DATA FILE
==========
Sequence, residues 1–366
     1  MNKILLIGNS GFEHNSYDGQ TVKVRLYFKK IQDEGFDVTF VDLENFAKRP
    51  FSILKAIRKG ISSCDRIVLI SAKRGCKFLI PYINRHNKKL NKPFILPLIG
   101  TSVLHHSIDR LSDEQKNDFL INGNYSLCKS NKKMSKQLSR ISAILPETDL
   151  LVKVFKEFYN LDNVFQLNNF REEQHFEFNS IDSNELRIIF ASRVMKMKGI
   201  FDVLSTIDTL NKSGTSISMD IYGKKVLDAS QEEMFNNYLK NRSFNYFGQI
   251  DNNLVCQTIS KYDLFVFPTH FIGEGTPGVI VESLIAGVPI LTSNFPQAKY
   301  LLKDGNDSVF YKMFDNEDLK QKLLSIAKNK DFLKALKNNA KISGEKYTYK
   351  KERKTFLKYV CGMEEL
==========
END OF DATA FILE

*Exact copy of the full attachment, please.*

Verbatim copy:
Sequence, residues 1–366
     1  MNKILLIGNS GFEHNSYDGQ TVKVRLYFKK IQDEGFDVTF VDLENFAKRP
    51  FSILKAIRKG ISSCDRIVLI SAKRGCKFLI PYINRHNKKL NKPFILPLIG
   101  TSVLHHSIDR LSDEQKNDFL INGNYSLCKS NKKMSKQLSR ISAILPETDL
   151  LVKVFKEFYN LDNVFQLNNF REEQHFEFNS IDSNELRIIF ASRVMKMKGI
   201  FDVLSTIDTL NKSGTSISMD IYGKKVLDAS QEEMFNNYLK NRSFNYFGQI
   251  DNNLVCQTIS KYDLFVFPTH FIGEGTPGVI VESLIAGVPI LTSNFPQAKY
   301  LLKDGNDSVF YKMFDNEDLK QKLLSIAKNK DFLKALKNNA KISGEKYTYK
   351  KERKTFLKYV CGMEEL